The material presented within this guide is intended to provide topics of discussion for your reading group. You Should Have Left
is a haunting portrayal of a man fighting against the unknown, both inside and outside of himself. Please us these questions as guidelines only, and feel free to wander in your discussion!
From the internationally best-selling author of Measuring the World
an eerie and supernatural tale of a writer’s emotional collapse“It is fitting that I’m beginning a new notebook up here. New surroundings and new ideas, a new beginning. Fresh air.”
This passage is from the first entry of a journal kept by the narrator of Daniel Kehlmann’s spellbinding new novel. It is the record of the seven days that he, his wife, and his four-year-old daughter spend in a house they have rented in the mountains of Germany—a house that thwarts the expectations of the narrator’s recollection and seems to defy the very laws of physics. He is eager to finish a screenplay for a sequel to the movie that launched his career, but something he cannot explain is undermining his convictions and confidence, a process he is recording in this account of the uncanny events that unfold as he tries to understand what, exactly, is happening around him—and within him.
Questions and Topics for Discussion
1. In the beginning, the narrator and his family move to a vacation home in Germany. What is his initial reaction to the setting?
2. How does the relationship between the narrator and his wife seem when they move in? What about his relationship with his daughter?
3. How do the characters/plot from Besties contribute to the story of the narrator and his family?
4. “Marriage. The secret is that you love each other anyway” (p. 9). How do you feel about that statement?
5. After the first unintended words in his journal, and his first nightmare, what did you think of the narrator’s mental state?
6. Discuss the narrator’s trip to the village store. Why do you think the proprietor questions him so closely about Steller? Who/what does Steller represent?
7. The narrator’s reflection seems to keep disappearing. Perhaps a trick of the light? A picture that was nailed to the wall disappears. Do you think the house is trying to drive him crazy? What other explanations might there be?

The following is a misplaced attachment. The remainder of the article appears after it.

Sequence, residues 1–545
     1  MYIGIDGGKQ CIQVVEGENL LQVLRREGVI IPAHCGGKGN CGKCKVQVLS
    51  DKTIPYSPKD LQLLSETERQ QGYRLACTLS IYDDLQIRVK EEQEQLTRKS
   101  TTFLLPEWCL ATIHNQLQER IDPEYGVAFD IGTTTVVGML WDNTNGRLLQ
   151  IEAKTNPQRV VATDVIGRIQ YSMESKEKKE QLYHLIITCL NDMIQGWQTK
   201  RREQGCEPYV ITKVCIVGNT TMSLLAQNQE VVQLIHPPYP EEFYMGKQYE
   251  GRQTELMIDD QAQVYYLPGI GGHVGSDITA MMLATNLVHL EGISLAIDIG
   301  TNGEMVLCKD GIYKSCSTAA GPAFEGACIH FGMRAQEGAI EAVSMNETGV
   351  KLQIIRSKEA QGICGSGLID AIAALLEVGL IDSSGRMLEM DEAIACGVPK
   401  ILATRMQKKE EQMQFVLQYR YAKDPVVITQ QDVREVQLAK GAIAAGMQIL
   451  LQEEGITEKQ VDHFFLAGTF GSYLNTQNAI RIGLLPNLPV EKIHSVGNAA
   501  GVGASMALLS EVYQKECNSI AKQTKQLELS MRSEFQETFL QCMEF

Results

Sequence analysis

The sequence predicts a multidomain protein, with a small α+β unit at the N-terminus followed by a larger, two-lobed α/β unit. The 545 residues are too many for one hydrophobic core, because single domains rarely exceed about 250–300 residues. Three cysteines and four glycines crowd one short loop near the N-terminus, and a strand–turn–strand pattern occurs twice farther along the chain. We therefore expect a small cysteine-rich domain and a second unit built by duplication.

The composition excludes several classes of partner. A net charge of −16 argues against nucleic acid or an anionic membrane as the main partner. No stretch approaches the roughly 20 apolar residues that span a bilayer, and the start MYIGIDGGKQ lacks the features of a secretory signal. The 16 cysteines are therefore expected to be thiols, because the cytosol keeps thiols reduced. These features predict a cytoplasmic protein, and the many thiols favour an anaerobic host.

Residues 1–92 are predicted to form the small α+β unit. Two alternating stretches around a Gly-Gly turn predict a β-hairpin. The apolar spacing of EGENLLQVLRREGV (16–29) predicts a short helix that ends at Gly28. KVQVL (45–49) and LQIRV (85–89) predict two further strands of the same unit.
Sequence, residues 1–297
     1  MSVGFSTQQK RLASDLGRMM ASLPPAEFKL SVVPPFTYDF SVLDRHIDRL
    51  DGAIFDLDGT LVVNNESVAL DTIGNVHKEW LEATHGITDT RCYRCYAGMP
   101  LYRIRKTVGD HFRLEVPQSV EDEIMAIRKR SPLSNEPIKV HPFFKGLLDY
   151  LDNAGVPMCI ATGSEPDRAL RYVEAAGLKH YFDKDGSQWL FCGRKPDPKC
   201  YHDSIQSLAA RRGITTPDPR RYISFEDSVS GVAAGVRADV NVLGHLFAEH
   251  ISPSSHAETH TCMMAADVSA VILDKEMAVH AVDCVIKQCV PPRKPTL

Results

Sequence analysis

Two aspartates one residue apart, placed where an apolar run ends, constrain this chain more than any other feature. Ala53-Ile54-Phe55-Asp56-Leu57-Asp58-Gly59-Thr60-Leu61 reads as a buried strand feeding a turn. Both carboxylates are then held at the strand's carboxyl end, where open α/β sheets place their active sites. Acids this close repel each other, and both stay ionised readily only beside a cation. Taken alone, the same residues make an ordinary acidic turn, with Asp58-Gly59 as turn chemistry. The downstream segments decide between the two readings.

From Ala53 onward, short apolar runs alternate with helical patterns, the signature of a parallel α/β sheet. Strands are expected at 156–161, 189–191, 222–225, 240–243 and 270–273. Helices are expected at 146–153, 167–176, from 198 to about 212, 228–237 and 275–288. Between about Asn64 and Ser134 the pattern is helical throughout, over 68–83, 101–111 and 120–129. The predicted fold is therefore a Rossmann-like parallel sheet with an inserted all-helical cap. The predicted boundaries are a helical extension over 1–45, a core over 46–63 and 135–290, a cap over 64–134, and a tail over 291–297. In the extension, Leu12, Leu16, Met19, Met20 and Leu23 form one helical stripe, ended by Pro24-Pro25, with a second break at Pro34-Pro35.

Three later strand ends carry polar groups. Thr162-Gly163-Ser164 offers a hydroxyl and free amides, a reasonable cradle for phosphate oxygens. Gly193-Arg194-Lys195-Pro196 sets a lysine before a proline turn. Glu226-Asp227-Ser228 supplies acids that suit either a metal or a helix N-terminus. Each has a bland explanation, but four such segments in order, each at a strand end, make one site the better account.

8. Susanna and the narrator agree to leave immediately. While she’s packing, he discovers evidence of her affair. Do you think it’s a coincidence that this happens when they were all about to get away?
9. Discuss what happens when the narrator tries to use the triangle ruler.
10. The store proprietor tells the narrator that the road has always been there, and local legend says a tower once stood where the house is. “The devil built it and a wizard destroyed it, with God’s help. Or the other way around, a wizard built it, and God destroyed it” (p. 87). How does this fit in with what is happening to the family?
11. The narrator tries to escape down the mountain with his daughter, only to be returned to the place where he started. What is his reaction?
12. “It’s the place itself. It’s not the house. The house is harmless, it’s simply standing where nothing should stand” (p. 102). Discuss what this means.
13. “I know now why they all have faces like that. Why they look the way they look. It’s because of the things they have seen” (p. 103). Who is the narrator describing? Who do you think they are?
14. Do you think the house is trying to make the family leave, or trap them there?
15. How much of what happens to the narrator is due to him going insane?
16. What do you think happens to the narrator at the end?
About this Author
was born in Munich in 1975 and lives in Berlin and New York. His works have won the Candide Prize, the Doderer Prize, the Kleist Prize, the Welt Literature Prize, and the Thomas Mann Prize. Measuring the World
was translated into more than forty languages and is one of the greatest successes in postwar German literature.